"L.L. Bean is a natural partner for Subaru, as both companies provide outdoor enthusiasts with products that enhance their lives," said Bill Cyphers, VP-marketing at the carmaker. He declined to discuss any financial aspects of the deal.
Subaru becomes the official car of the outdoor clothing and gear retailer and will appear at L.L. Bean stores and in its catalogs. L.L. Bean becomes the official outfitter to Subaru, which will sell its clothing with Subaru branding at the auto dealerships. L.L. Bean will participate in Subaru-sponsored events, including the Subaru Gorge Games this July in Hood River, Ore.
In early fall, Subaru will start selling an L.L. Bean special edition Outback sport utility wagon. It will be unveiled at the New York Auto Show in April. The 2001 model will have the only six-cylinder engine in Subaru's lineup.
Some 10,000 limited edition models will be sold this year, Mr. Cyphers predicted. The L.L. Bean Outback will get dedicated advertising -- print to start, with spots likely on National Public Radio, he added.
Subaru's agency, Temerlin McClain, Dallas, will handle. The marketer spent $60 million in measured media during the first nine months of 1999, according to Competitive Media Reporting.
The marketer expects to sell 160,000 to 165,000 vehicles in the U.S. this year vs. 156,000 last year, Mr. Cyphers said. Subaru is limited by production capacity. He said he didn't know at this point whether General Motors Corp.'s upcoming $1 billion cash investment to acquire 20% of Subaru's Japanese parent, Fuji Heavy Industries, would help production after the deal is finalized, probably next month.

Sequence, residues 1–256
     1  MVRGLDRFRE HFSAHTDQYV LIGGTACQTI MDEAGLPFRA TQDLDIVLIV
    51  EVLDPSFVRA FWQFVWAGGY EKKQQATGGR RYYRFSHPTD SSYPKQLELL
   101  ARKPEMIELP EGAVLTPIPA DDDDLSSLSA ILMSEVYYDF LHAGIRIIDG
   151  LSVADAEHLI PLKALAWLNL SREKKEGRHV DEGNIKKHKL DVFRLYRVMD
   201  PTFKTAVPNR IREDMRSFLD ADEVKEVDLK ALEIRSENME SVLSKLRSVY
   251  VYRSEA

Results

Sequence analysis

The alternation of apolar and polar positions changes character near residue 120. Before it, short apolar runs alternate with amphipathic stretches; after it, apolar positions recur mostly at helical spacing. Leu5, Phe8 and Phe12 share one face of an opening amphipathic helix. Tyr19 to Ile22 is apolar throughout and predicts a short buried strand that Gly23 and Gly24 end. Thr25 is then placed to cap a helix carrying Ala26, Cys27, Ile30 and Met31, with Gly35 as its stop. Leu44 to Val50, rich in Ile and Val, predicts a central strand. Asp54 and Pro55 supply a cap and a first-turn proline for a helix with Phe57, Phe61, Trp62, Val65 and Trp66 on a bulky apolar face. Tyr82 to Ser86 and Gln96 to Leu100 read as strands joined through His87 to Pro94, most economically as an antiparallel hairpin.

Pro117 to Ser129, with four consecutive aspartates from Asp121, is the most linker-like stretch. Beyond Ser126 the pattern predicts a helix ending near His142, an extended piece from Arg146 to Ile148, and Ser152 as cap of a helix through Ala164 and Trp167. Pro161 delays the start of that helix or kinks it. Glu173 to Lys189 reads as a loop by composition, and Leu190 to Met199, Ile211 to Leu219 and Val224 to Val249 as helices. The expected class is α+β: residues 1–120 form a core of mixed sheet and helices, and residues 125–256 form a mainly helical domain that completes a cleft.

L.L. Bean and Subaru met via their separate sponsorships of Leave No Trace, a non-profit outdoor ethics group, said Tim Bennett, the marketing manager at Subaru who hammered out the deal. He said L.L. Bean "was approached by most major carmakers," including GM, Ford Motor Co. and DaimlerChrysler.
L.L. Bean "does well with Generation X," so the new venture could help Subaru evolve its image and become hip with younger buyers, said Wes Brown, an analyst at consultancy Nextrend. Younger buyers focus more on a brand's personality, lifestyle and attitude, so L.L. Bean can help Subaru in that arena. He called the partnership "a perfect mix."
The average Subaru buyer is 43 to 45 years old, although buyers of Impreza, the lowest sales volume vehicle, are younger, Mr. Cyphers said.
He said the marketer could attract younger buyers and freshen its image if it decides in the next few months to build a concept vehicle unveiled earlier this month at the Chicago Auto Show. The ST-X pickup builds on Subaru's cross-over vehicle heritage by combining the ride of a sedan with the utility of a pickup, Mr. Cyphers said. It has four doors, seats four people and has a versatile rear seat that folds down and opens to extend the cargo bed.
The marketer has already staged focus groups at several auto shows to gauge consumer and media reaction.
Subaru invented the cross-over vehicle category in 1995, when it introduced the 1996-model Outback sport utility wagon. Since then, more manufacturers have used car chassis to build a vehicle that looks more like a truck.
Mr. Brown said Subaru still has a unique positioning and some of the most loyal owners in the industry.